The ugly side of social media, school punishment for cyberbullying

The ugly side of social media, school punishment for cyberbullying

CHARLESTON, SC (WCSC) - The method of punishment for bad behavior on social media, it's something a Charleston County school board member said needs to be addressed.

This comes after the board had to intervene for the first time last week punishing a student for posting a racial slur on Twitter.

The definition of cyberbullying sometimes depends on who you ask.

Board member Michael Miller said, "We deal with cyberbullying. Sometimes it's a little gray because it's based on interpretation."

School districts in the Lowcountry all have similar definitions of cyberbullying in their student conduct handbooks. They refer to harassment and intimidation done through digital platforms like email or social media.

It's not the definition that Miller says is the problem, it's defining the punishment.

"We have to look at it by case by case scenario for one, but two, also have some hard lines drawn where we could determine what the punishment should be. I think we as a district must do a better job at setting our policy and making sure the policy has as less gray as it can," said Miller.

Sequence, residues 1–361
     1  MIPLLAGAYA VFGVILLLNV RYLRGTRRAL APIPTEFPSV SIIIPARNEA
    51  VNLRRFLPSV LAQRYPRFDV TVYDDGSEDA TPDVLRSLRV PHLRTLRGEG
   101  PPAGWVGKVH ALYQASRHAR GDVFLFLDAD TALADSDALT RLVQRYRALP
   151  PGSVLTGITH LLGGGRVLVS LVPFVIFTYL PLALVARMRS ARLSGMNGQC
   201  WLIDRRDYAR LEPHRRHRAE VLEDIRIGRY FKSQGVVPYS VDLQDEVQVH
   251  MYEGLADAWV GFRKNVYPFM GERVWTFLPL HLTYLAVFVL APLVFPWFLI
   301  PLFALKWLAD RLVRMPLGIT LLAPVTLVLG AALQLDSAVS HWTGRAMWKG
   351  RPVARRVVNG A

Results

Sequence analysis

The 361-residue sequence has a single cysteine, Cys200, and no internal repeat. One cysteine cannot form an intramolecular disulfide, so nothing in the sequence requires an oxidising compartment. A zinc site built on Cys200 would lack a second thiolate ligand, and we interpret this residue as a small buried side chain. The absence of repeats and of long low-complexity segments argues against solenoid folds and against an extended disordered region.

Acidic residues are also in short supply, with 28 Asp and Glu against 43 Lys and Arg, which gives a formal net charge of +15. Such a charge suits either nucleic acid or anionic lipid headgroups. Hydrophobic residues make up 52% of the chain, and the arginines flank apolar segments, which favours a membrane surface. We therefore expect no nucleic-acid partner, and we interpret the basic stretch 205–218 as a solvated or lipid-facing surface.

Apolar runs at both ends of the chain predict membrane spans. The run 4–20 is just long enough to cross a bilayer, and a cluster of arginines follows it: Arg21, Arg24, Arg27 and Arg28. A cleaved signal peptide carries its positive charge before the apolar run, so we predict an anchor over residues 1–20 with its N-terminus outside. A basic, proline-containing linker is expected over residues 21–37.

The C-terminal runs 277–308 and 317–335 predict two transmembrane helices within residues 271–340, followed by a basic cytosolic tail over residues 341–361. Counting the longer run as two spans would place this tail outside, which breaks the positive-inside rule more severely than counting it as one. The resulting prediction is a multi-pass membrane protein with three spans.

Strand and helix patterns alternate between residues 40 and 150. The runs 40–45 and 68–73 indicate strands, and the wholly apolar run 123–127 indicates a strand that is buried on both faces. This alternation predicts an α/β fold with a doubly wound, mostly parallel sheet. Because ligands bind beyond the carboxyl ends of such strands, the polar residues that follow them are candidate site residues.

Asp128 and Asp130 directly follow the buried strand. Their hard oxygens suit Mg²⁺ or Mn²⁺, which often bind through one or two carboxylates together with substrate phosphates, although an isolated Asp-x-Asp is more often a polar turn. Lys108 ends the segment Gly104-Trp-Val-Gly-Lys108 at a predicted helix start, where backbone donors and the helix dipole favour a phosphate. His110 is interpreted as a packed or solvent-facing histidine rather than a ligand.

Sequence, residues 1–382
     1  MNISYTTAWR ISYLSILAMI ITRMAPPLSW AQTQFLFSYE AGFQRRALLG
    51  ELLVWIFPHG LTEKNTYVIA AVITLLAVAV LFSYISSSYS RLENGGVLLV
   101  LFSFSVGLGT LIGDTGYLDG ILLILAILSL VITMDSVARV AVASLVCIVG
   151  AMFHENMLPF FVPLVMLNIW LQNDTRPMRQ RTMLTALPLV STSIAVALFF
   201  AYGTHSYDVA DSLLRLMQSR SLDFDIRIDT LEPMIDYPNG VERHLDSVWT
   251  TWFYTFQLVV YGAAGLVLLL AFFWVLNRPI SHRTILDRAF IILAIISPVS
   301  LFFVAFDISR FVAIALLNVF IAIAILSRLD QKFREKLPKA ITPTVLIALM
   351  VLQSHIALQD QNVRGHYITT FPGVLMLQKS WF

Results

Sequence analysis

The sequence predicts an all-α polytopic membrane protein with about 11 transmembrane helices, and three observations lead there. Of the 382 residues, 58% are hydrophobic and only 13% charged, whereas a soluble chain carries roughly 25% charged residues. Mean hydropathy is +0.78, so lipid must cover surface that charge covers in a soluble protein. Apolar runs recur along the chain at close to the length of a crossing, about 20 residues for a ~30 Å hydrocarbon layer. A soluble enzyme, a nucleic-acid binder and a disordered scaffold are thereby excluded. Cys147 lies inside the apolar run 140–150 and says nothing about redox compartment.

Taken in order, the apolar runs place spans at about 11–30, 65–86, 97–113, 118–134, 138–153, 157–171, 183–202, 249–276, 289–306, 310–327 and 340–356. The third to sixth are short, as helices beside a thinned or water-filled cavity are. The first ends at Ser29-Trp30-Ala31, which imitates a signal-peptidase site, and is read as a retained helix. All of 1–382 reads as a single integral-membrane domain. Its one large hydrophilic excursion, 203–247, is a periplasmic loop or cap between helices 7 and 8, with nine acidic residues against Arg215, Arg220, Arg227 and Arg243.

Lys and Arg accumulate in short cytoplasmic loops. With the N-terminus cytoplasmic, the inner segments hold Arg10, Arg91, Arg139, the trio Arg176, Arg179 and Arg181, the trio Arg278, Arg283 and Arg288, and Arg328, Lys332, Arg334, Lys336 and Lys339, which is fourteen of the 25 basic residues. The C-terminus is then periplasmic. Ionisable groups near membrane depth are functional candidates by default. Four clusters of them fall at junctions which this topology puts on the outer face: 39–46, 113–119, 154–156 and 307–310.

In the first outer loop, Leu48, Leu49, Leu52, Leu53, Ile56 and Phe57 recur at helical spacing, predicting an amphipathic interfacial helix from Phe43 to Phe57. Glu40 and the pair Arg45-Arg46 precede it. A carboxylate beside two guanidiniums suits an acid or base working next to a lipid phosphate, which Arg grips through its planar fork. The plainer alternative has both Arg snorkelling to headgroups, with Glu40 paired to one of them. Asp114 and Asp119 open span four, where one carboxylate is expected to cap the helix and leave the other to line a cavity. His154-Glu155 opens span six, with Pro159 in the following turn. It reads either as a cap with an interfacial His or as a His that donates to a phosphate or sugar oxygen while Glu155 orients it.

School districts and state lawmakers across the nation have outlined consequences for all types of bullying, but Miller says this is new territory for the school board.

"If a student or a child or a teacher feels threatened in anyway, I think it's our duty to make sure that we set policies in place to insure safety at all times for all of our students," Miller said.

Just last month, the state house delayed a decision to make cyberbullying illegal. If the bill passes, an adult could go to jail for up to 6 months and someone under 18 could spend a full month behind bars.

Miller said, "We need to make sure that children understand, our students understand, that sometimes what we do in the privacy of our homes, if someone else were to feel threatened by our actions, we need to make sure that we understand those actions. Maybe we as a district ought to do a better job in making sure that our students understand the consequences of their actions, even if their actions are related around social media."

Miller says he plans to talk to the rest of the school board about having the discussion at one of their upcoming meetings.

Dorchester District 2 and Berkeley County school spokeswomen said they do have policies in place for cyberbullying, along with guidelines for punishment. Both districts say punishments could range from an apology up to expulsion depending on the severity of the situation.

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